Why is that, Sarah Jean?

The answer comes quietly and in disguise, and when it comes you sit and weep because you know it is the answer.

On my way home I pause at a door that’s open. I check my winter coat and my backpack with a gaunt-bodied woman at the desk and I spend the next hour and a half leaping to electric thuds and pulses in a basement with other humans. At the end of the 90 minutes I collect my belongings and continue walking home.

Volcano’s 2016-2017 Season is centred on three productions, each markedly different from each other in both form and content, and each at different stages of development. Together they present an enticing theatre gym for a director-in-training. Infinity, by Hannah Moscovitch weds heartbreak with theoretical physics and classical music. Assisting on this production will allow me to explore text-work from a directorial perspective and to helping prepare a show for regional touring. A Night in Tunisia, to be co-created by Ross and Tunisian dance/theatre maker, Meher Awachri will give me the opportunity to witness the first development stage of a piece from the ground up. Ross is continuing to look for new platforms to showcase Century Song, which I assisted on last year, and I look forward to furthering my understanding of show pitches by supporting him in this work. All three of these Volcano pieces explore the tension between the individual and the colossal.

I knew very little about Pipeline 9 and the blasting off Baffin Island until Kevin brought both these issues to my attention. When he asked me if I wanted to drive to the solidarity rally with him I struggled for a moment. Over the past year and a half I had become increasingly indifferent to the growing environmental battles being fought against blind progress. It’s hard for me to admit, but basically, I didn’t want to have to deal with it anymore. I wanted to think about other things. So how could I dare to show up at this rally? I wasn’t ready. You haven’t committed yourself to any of the work.

That’s when I knew I had to say yes. 

What are the qualities of an outstanding artistic director? I googled “artistic director job description” and got some of the following results:
Clarity of artistic vision and ambition, with a passion for contemporary theatre that explores and addresses social and political issues as well as theatre that engages and entertains • Strong track record of professional theatre production, direction and developing new work on contemporary issues for the stage • Proven ability to programme and commission new plays combined with an ability to provide dramaturgical support to writers • Proven ability to attract and collaborate with artists of the highest calibre • Strong artistic, strategic planning and resource management skills • An entrepreneurial spirit, commercial acumen and ability to lead [said theatre company’s] fund-raising initiatives • Demonstrable knowledge and understanding of education and community work • Demonstrable knowledge of marketing and audience development • Good knowledge and understanding of the theatre industry and arts funding • Proven ability to work in partnership, connect and collaborate with others both internally and externally • Ability to inspire and motivate others • Ability to delegate, negotiate, resolve conflict, be responsive to others and manage performance • Outstanding analytical, communication, advocacy and presentation skills Qualities • A genuine commitment to the principles of equal opportunity, cultural diversity and broadening access to the arts • Resilience and responsiveness to the changing external environment • A supportive and empowering management style…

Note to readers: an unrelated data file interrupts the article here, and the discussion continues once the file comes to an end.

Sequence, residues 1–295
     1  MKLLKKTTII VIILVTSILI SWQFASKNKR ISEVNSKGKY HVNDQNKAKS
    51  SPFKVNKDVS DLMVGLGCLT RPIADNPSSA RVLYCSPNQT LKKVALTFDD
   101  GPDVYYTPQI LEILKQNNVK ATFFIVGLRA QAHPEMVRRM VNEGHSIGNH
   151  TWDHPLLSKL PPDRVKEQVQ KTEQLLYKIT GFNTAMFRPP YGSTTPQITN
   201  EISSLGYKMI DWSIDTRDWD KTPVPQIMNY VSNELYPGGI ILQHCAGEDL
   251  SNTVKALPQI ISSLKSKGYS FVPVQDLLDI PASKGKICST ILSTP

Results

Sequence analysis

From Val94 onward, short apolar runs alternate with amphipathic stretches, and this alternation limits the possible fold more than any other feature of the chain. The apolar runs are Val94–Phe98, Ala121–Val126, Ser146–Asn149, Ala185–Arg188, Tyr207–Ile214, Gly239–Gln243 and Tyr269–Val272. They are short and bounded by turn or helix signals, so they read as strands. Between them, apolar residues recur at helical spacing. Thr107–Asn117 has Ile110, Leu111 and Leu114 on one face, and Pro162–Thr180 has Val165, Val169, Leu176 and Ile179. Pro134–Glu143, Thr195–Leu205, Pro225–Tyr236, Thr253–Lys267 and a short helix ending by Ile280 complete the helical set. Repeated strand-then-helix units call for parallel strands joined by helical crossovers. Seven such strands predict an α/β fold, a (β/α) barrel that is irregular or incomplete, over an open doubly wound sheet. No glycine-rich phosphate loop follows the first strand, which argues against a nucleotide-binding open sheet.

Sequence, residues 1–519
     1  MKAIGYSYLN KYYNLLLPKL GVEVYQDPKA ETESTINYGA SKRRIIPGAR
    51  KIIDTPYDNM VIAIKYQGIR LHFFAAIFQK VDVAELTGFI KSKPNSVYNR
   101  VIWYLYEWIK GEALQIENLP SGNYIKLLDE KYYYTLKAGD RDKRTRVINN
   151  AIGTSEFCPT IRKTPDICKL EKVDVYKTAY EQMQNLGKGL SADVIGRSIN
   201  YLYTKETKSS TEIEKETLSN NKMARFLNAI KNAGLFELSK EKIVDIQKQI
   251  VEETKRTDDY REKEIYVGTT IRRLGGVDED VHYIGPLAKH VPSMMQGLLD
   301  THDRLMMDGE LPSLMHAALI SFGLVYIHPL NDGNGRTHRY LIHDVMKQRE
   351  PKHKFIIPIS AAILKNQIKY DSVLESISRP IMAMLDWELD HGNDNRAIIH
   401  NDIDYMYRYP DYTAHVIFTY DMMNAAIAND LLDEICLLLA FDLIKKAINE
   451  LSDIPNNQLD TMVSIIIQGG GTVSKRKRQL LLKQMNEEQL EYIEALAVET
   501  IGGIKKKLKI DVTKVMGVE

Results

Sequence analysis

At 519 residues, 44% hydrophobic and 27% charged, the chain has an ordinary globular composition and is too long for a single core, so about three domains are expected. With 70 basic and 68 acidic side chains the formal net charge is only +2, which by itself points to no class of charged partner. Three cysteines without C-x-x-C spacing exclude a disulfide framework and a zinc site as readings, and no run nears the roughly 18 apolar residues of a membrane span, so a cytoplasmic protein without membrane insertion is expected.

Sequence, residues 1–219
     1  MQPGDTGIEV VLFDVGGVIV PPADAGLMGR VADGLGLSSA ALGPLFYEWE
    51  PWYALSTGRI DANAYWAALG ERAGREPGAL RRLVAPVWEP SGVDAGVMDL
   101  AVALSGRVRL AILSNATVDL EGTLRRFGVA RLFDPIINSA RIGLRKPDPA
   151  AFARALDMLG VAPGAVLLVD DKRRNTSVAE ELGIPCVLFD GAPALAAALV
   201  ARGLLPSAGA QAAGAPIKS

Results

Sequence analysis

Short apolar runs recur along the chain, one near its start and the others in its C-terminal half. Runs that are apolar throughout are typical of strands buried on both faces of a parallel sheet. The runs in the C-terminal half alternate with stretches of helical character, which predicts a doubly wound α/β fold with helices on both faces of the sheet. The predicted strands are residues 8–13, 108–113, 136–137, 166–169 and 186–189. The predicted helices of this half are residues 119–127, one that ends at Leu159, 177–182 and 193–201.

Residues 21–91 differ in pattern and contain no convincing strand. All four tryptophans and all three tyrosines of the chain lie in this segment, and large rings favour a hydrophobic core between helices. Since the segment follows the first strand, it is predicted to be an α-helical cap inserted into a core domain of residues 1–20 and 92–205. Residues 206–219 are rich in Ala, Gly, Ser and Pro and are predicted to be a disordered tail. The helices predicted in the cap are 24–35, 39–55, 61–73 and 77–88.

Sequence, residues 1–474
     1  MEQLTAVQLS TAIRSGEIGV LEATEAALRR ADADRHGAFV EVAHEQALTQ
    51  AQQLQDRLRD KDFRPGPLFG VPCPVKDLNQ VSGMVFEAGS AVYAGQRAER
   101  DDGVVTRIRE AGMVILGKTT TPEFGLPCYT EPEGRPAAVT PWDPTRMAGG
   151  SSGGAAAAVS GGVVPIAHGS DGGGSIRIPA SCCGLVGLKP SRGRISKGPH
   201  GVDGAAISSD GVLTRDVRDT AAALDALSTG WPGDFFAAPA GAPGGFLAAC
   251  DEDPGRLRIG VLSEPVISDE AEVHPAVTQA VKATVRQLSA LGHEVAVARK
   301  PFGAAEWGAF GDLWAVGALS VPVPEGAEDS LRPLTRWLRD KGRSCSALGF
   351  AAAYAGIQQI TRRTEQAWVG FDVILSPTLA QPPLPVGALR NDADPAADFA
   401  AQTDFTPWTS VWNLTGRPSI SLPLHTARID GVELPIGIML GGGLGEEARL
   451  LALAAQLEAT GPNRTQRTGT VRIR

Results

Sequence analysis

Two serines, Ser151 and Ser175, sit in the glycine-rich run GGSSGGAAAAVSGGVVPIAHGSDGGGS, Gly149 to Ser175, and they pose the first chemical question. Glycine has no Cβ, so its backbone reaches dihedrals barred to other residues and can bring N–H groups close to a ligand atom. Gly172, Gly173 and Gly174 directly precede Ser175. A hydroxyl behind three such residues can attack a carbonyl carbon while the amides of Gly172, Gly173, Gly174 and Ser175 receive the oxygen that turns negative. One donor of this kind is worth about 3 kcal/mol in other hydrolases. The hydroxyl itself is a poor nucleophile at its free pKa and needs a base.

What is love? 

An old friend of mine and very promising artist gave up theatre in order become a doctor. Theatre, in her mind, was not a direct enough way of affecting social change. She wanted to stop talking about problems and get to work. This friend is always on my mind.

The thing about love is that there are too many ways that it behaves. For instance, how can it be both a thing of joy and a thing of pain? How can it be both a feeling and a form of perception? How can it be both a drive and a place of stillness? Anything I write about love today may not be true tomorrow.
I tried to write about love last night. I wrote eight pages. Then I realized that might not be suitable for a Theatre Ontario blog, so I deleted everything.

What do I know?

I know I want to make good art. I ask myself,  “Am I ready to make good art?” and my answer is: do the work.

I want to be a good leader. “Am I ready to be a good leader?” It’s the same thing.

I want to do everything with great love. I realize I am setting myself an impossible task. But someone thought it was possible.

What is happening now with how we respond to fossil fuel extraction and transportation on this continent is a matter of environmental justice, a matter of social justice and ultimately a matter of life and death. It’s also a matter of love—for the land that sustains all of us, for the people in our lives that share it with us, for the future generations who will live here.

Part of me feared I might forget all this, which is why I’ve taken the time to write my blog this way. I will use these thoughts to help me remember.

I need to do a lot of work. I will probably make a lot of mistakes. I am looking to the people in my life—the old friends, family, new faces, people I have yet to meet—and myself to help me to live and make art rigorously, mindfully, justly and with love. I want you to challenge me to do better, and I will in turn challenge you.

The time is earlier this week.  I’ve taken a moment to listen to my roommate who I rarely speak to because we are both so busy with work.   She’s an architect and she’s writing her thesis on imaginary space and time. “I am so full of hope,” she’s telling me.

-Michela Sisti

The next application deadline for the Professional Theatre Training Program is March 1, 2017.

Theatre Ontario’s Professional Theatre Training Program is funded by the Ontario Arts Council, an agency of the Government of Ontario.